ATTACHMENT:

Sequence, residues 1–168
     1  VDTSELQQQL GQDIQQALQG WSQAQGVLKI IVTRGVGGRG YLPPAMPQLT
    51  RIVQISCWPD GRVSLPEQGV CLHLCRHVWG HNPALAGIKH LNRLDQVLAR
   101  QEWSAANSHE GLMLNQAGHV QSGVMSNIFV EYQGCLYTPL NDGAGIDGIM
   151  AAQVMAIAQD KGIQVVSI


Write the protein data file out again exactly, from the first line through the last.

Sequence, residues 1–168
     1  VDTSELQQQL GQDIQQALQG WSQAQGVLKI IVTRGVGGRG YLPPAMPQLT
    51  RIVQISCWPD GRVSLPEQGV CLHLCRHVWG HNPALAGIKH LNRLDQVLAR
   101  QEWSAANSHE GLMLNQAGHV QSGVMSNIFV EYQGCLYTPL NDGAGIDGIM
   151  AAQVMAIAQD KGIQVVSI